What If Tackling Multiple Tasks at Once Hinders Our Ability to Be Good Stewards in the Workplace?

"In a nutshell, the cognitive detriments associated with [task-switching] keep us from accomplishing all that we are capable of accomplishing. Thus, our minds are not being stewarded well. We are wasting our valuable, God-given cognitive abilities."

1556 reads

There are 4 Comments

Aaron Blumer's picture

EditorAdmin

Multitasking & productivity definitely needs more study. First, thriving is a complex thing, and sometimes a process that slows production a bit compared to another, produces better results in the long run--even more results, because the worker is able to remain productive (maybe even happily) for longer periods of time. 

So... 3% slower for 15% longer... when that's the trade, the "less efficient process" is better.

Second, I've found that for me at least there is good multitasking and bad multitasking. Haven't yet figured out the fundamental differences. But when I do certain tasks at the same time (of course, switching rapidly between them is what's really happening) it results, eventually, in a deeper level of concentration, higher overall energy, and in the end, more and better output.

By contrast, some tasks, when done solo, suck me into deeper and deeper attention to detail until I am contemplating every inconsequential micro option... and then circling in indecision. Somebody walks up and says hello and it takes me eternities to pull out of the deep well of focus and notice that they are there!  But very little was actually getting done so they were doing me a favor.

So the right mix of complementary tasks is the ideal for me and when I'm able to get there, it's really quite enjoyable as well as more productive.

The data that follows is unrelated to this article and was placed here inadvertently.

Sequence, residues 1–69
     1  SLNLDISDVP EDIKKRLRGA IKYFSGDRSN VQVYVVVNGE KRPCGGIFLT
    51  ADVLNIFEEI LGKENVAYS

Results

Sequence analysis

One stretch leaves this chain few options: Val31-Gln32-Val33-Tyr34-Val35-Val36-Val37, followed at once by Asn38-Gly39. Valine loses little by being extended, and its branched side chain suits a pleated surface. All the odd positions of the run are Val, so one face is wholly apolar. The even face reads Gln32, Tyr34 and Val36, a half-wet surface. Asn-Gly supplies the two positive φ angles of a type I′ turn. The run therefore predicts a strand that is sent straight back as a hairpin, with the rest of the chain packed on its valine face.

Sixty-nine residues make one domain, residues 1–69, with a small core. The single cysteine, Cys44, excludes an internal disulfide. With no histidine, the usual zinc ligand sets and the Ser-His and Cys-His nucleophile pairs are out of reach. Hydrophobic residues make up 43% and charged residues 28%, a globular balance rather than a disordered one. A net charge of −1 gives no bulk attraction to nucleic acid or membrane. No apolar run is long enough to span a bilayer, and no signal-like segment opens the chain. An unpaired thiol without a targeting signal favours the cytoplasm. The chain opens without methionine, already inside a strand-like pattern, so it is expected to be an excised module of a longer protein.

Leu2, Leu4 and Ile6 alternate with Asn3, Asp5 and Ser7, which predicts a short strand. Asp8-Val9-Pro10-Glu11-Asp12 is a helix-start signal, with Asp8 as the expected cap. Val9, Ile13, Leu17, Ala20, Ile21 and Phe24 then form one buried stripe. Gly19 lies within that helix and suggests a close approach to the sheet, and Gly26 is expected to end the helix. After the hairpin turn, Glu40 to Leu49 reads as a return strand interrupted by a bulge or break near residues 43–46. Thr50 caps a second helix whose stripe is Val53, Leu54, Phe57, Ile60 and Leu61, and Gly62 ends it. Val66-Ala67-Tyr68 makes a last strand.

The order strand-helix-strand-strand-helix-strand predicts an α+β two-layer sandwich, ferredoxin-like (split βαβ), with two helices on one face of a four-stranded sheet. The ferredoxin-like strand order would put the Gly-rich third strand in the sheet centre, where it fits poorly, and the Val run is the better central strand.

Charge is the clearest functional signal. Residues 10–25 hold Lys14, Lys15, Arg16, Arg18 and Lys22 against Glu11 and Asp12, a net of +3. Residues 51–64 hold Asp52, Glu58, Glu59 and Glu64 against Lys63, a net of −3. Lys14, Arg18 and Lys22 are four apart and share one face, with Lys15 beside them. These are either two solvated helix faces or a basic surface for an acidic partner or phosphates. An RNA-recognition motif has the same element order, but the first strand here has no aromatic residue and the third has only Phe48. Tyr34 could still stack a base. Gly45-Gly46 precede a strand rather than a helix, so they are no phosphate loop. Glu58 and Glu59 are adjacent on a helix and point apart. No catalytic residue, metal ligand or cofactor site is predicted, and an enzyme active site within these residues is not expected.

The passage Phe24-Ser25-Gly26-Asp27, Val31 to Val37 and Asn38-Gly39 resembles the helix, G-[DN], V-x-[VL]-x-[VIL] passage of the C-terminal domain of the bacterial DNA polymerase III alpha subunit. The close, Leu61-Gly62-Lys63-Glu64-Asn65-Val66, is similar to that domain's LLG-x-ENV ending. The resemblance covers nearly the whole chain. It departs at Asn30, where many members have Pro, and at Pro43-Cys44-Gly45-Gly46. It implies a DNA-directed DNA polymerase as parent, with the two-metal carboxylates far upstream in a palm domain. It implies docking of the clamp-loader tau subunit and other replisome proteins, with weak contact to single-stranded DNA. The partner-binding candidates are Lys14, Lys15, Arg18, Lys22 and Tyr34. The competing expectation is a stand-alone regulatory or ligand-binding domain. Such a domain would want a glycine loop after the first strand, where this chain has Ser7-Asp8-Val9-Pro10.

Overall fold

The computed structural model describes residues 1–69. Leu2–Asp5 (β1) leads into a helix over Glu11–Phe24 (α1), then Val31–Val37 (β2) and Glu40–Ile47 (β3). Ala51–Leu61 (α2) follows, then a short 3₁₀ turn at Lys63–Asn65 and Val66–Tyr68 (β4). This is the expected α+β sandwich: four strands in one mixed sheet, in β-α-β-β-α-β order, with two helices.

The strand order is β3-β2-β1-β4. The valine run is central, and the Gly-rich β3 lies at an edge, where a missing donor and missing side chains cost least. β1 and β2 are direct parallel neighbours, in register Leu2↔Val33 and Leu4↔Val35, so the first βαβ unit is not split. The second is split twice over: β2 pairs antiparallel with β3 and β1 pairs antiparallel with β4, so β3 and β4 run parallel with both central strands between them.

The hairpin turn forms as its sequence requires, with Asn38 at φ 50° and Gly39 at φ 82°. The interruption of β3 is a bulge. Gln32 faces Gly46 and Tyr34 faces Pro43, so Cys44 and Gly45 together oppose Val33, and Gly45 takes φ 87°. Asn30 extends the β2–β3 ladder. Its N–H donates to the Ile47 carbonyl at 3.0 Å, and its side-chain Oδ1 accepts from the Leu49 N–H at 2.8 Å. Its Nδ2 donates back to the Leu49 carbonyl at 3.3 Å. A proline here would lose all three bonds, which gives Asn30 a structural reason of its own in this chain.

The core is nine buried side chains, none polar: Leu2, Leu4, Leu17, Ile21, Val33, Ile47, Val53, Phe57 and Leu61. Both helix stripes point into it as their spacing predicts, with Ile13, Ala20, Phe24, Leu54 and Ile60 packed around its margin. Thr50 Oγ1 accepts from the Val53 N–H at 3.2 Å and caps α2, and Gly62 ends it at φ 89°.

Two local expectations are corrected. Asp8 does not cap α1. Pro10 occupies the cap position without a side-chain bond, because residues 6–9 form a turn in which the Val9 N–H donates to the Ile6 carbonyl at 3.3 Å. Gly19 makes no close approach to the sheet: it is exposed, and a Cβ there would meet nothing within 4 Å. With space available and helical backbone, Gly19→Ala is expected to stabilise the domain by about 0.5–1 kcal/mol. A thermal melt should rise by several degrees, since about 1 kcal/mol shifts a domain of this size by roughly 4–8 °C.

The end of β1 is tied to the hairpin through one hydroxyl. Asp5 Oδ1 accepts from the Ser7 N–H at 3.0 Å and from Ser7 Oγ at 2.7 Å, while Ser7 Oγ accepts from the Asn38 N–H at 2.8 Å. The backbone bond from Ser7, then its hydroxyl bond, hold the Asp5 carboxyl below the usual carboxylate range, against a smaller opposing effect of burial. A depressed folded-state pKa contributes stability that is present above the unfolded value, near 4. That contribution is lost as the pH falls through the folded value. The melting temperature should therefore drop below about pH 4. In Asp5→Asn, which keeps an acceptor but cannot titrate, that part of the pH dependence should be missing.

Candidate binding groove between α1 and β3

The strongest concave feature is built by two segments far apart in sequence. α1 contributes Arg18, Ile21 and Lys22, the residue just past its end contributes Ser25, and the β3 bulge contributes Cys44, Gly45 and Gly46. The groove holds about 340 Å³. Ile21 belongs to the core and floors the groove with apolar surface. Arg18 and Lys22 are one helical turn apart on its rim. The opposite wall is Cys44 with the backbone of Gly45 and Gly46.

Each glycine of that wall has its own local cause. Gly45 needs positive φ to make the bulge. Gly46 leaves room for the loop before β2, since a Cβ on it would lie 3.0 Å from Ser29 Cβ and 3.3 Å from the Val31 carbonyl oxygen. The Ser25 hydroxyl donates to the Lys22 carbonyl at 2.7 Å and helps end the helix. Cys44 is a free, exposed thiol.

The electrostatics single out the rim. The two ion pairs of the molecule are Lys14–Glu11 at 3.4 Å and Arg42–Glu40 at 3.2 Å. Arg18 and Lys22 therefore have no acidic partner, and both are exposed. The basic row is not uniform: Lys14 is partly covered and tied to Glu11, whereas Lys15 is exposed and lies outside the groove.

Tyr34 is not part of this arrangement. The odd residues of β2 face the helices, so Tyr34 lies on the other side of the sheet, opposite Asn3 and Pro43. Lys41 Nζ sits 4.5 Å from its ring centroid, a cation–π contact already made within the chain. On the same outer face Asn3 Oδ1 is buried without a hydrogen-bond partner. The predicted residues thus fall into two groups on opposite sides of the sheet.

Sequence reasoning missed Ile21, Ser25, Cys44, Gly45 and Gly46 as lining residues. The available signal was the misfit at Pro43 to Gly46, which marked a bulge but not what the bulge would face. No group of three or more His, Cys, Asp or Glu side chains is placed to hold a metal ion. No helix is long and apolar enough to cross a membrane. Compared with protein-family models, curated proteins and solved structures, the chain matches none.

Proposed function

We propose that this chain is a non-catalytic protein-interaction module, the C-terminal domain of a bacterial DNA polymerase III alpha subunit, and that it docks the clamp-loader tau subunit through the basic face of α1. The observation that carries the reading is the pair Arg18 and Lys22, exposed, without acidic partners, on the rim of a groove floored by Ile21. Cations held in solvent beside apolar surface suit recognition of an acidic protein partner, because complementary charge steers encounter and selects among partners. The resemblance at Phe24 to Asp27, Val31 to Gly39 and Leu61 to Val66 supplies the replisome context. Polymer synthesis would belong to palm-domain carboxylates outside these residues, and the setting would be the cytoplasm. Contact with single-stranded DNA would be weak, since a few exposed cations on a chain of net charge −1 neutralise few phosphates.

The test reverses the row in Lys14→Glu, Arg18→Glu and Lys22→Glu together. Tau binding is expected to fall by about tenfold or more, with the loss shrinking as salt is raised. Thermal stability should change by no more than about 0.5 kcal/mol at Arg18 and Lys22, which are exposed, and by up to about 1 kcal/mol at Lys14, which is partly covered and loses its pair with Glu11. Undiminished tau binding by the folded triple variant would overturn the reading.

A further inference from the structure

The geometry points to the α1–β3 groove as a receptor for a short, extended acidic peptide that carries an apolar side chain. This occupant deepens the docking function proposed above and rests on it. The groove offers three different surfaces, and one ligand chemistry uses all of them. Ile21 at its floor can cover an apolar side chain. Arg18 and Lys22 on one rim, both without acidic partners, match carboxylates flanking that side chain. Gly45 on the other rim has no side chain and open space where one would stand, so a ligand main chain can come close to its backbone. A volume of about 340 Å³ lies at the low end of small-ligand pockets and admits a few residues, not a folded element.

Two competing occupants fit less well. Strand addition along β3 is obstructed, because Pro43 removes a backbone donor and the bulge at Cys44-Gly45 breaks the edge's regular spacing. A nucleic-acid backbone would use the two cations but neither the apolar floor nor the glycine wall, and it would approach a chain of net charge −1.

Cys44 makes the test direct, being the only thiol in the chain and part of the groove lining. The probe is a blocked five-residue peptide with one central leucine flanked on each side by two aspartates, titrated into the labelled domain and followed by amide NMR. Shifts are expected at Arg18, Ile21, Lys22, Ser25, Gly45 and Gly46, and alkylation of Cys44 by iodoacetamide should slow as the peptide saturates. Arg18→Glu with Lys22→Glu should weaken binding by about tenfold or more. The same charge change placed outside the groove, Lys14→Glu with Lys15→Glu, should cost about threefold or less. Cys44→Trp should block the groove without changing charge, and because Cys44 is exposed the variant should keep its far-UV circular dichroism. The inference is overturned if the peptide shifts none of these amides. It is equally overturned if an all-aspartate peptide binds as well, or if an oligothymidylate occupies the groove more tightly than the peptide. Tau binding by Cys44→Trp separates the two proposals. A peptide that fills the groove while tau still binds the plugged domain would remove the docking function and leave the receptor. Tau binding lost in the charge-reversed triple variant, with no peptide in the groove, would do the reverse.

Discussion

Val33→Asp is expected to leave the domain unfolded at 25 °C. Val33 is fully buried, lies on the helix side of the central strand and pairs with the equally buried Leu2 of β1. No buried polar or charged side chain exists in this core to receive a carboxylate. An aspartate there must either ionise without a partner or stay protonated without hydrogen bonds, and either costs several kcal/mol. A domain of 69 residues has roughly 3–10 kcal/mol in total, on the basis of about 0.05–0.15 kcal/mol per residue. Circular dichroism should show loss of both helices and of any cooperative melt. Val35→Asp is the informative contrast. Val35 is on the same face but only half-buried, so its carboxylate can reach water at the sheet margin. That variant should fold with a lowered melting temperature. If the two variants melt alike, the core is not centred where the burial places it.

G. N. Barkman's picture

John Wesley was a multi-tasker.  He divided each hour into three sections, moving from task to task about every twenty minutes.  He believed this kept his mind fresh, and allowed him to accomplish more each day.  I have found his formula useful in some situations.  (Not in serious study and sermon preparation.)  I do not follow his pattern slavishly, but have learned that if I plan to address three separate items each hour, I stay fresher.  Instead of plowing through one two hour task until completed, I give it about twenty minutes each hour over the course of five hours. I usually accomplish more using this method than any other.

G. N. Barkman

Steve Newman's picture

As one who has worked in IT for 28 years, I have observed how continuous multitasking has decayed my abilities to think deeply without distraction. It is a real obstacle for me to overcome on a regular basis to be able to teach and preach when it takes a good deal of time to have clear and cogent thinking. Multitasking is definitely not a benefit in sermon prep, as Greg has noted. Being able to multitask has helped me to be able to work IT and pastor, but it is so important to slow myself down to preach well. Not doing so will sentence congregations to a shallowness that is unfruitful.

Aaron Blumer's picture

EditorAdmin

We probably do not all mean the same thing by multitasking. I don't really think of myself as multitasking at all unless I've got two or three applications running and I'm alternating between them every few minutes. When the three applications are the right ones, they fuel eachother. 

But no...  study and sermon/teaching prep are not things I usually do in that mode. Focus and energy were often problems during my high-pulpit-put years. At peak, I was doing four, sometimes five, separate messages at church and three or four classroom sessions at school. Sunday morning sermons remained the most challenging of the lot.

For me, doing that sort of work "efficiently" was more a matter of timing and rhythm than anything else. There was absolutely no substitute for 2+ hour blocks of time early in the morning, usually pretty close to first thing. And there are still tasks I cannot do reasonably well any other time.  (But it's very, very hard to get that time now!)